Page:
Brahiam Villanueva Finds Passion for Writing

Graduating senior Brahiam Villanueva ('18) says he found his passion for writing at Gonzaga University after throwing himself into multiple endeavors. 

Among his many involvements, Villanueva served on Gonzaga's Board of Regents, worked with the immigrant-rights advocacy group the Washington Dream Coalition, competed in the mock trial program, and edited Reflection, Gonzaga's journal of art and literature, with poetry, short fiction, photography, artwork, and more. 

Recognizing his literary ability, his writing professors nominated Villanueva to attend the 2017 Port Townsend Writers' Conference.

Villanueva captured first place recently for both fiction and poetry in Gonzaga's annual Michael & Gail Gurian Writing Awards. His best piece of advice to all incoming students? Try new things -- lots of them. 

"I couldn't have learned so much had I been afraid of trying new things," said Villanueva who was inspired to attend Gonzaga by alumna Mariel Rodriguez ('14) a triple major, Gates Scholar and - like Villanueva -- a first-generation college student from Moses Lake, Washington. 

"I always thought Gonzaga must be an awesome place full of interesting and independent people because she herself was a very productive, hard-working person. Growing up I didn't know very many other people who had attended college,"  Villanueva said. "I remember Mariel was raising money for the earthquake that devastated Haiti in 2010, and I associated her altruism with Gonzaga and decided I wanted to be in a school that attracted people like her. I wanted to be a Zag so I could work alongside people who shared her spirit."

Villanueva says his favorite moment at Gonzaga occurred near the end of his first semester when he was feeling overloaded with his involvements in academics and activities. Ironically, it was through an involvement that he discovered he truly belonged at Gonzaga.

He was the only GU first-year student selected to attend the Ignatian Family Teach-in for Justice in Washington, D.C. The event brought students from Jesuit colleges and universities nationwide together in the pursuit of faith, justice and solidarity -- including advocacy on Capitol Hill. The experience convinced him to stay at Gonzaga.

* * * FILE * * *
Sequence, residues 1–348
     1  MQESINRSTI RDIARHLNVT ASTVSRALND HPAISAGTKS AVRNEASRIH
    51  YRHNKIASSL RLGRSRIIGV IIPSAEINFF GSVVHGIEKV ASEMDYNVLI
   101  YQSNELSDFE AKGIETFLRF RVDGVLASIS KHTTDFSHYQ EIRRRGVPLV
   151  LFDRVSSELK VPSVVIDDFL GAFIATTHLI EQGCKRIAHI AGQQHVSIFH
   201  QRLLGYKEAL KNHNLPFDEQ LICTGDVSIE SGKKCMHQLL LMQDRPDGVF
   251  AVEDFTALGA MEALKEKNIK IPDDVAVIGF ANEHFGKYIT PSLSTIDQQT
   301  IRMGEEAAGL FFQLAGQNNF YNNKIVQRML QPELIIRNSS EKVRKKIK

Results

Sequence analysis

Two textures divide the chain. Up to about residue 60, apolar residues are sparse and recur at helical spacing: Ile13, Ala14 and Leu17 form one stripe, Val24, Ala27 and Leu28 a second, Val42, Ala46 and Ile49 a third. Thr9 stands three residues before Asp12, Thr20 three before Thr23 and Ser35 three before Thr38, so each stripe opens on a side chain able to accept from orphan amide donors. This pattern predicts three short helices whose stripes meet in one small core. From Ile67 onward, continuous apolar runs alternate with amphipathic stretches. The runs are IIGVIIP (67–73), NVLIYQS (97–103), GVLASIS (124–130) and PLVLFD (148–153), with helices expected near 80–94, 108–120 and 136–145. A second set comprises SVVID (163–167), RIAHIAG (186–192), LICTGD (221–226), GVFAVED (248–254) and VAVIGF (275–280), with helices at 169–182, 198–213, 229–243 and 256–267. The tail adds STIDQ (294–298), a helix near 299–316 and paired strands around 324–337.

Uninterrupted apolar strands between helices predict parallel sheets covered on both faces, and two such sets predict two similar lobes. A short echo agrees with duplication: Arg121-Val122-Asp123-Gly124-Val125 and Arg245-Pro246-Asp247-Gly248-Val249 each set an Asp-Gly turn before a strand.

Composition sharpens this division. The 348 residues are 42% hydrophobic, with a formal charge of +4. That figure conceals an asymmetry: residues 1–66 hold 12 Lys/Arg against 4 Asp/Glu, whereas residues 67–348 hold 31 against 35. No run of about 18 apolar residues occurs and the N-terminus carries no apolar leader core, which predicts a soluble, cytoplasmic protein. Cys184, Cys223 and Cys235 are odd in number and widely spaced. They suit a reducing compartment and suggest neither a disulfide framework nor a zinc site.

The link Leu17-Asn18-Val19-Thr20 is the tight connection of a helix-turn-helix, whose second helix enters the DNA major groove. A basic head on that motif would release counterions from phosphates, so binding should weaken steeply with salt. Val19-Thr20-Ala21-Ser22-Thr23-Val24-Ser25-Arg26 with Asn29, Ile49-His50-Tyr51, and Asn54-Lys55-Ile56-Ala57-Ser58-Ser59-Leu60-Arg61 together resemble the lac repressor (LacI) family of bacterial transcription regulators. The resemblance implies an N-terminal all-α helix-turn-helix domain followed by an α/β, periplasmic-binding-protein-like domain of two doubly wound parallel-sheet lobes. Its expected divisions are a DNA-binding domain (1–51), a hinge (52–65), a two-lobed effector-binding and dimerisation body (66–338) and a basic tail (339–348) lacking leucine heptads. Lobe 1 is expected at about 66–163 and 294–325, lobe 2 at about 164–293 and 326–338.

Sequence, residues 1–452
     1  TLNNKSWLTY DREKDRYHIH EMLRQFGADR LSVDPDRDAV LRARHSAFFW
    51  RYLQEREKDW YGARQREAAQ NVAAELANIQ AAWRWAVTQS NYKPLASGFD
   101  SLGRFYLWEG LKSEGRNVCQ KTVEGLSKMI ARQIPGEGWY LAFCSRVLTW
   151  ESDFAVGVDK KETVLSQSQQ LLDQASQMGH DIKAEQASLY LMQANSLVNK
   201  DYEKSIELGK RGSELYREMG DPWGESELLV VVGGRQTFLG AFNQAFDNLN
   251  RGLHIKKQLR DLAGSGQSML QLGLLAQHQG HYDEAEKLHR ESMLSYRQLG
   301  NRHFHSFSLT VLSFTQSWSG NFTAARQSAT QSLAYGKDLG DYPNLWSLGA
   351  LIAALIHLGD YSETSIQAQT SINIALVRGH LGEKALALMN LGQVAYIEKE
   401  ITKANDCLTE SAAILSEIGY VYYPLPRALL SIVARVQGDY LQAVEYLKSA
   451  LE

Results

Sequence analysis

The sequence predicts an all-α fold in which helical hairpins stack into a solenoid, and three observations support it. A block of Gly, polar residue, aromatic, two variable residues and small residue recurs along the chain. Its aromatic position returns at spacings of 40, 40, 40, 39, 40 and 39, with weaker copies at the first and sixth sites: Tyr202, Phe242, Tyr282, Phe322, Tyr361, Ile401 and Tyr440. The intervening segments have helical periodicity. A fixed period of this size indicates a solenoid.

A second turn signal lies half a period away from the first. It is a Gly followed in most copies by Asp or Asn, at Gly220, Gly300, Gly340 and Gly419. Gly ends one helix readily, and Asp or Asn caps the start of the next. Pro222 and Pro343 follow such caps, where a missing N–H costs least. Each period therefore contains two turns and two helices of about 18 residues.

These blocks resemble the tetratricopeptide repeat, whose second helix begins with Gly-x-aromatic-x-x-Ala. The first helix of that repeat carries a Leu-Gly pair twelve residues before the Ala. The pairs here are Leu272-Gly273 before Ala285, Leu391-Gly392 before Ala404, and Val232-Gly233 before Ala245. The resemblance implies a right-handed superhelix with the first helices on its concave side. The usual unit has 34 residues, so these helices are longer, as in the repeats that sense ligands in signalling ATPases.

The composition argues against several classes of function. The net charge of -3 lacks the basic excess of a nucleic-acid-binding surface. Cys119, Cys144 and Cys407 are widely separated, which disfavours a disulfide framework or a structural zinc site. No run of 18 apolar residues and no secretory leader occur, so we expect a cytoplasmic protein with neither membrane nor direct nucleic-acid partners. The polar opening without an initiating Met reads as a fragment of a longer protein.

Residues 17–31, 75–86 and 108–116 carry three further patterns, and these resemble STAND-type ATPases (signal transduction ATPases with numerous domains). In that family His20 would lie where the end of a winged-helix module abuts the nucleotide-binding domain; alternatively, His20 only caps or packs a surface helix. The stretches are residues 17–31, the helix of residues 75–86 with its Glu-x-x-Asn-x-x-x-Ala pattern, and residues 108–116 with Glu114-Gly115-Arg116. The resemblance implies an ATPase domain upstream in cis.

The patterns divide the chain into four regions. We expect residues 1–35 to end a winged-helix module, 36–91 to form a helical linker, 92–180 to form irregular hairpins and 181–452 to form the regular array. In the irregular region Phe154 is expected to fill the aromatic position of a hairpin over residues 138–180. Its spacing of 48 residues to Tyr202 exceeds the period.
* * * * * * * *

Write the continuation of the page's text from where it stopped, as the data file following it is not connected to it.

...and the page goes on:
"We visited the offices of Congress members during the last day of our stay, advocating for immigration reform - an issue that is very personal to me," he said. In those few days, Villanueva discovered that he needed to reach out to others for help.

"Asking for help was hard for me then," he recalls. "I learned I needed to trust people and open up to those around me who wanted the best for me. I also learned how much other students at Gonzaga wanted me to succeed, and I decided I would take the steps necessary to have four successful years here."

He vividly recalls the flight back to Spokane and his thoughts about returning to Gonzaga.

"I really felt like I was returning to a second home, a campus full of people with distinct interests, people who I was really excited to learn from and grow with. I remember that after that trip I really wanted to be the person I would become after four years at Gonzaga," he said, expressing gratitude for financial aid that allowed him to attend. 

"Growing up, I always saw my mom work really labor-intensive jobs for minimum wage or very low pay. I knew that when it came time for me to go to college I would be on my own, and while my savings and the many jobs I held over the last four years helped some, I am very grateful to all of the people who made my education possible," he said. "I never really felt alone at Gonzaga. I always knew I had the support of so many people who wanted to see me graduate."

In ceremonies on May 13, he received bachelor's degrees in history and English with a concentration in writing and plans to move to either Seattle or the San Francisco area to work and pursue a professional fiction writing career.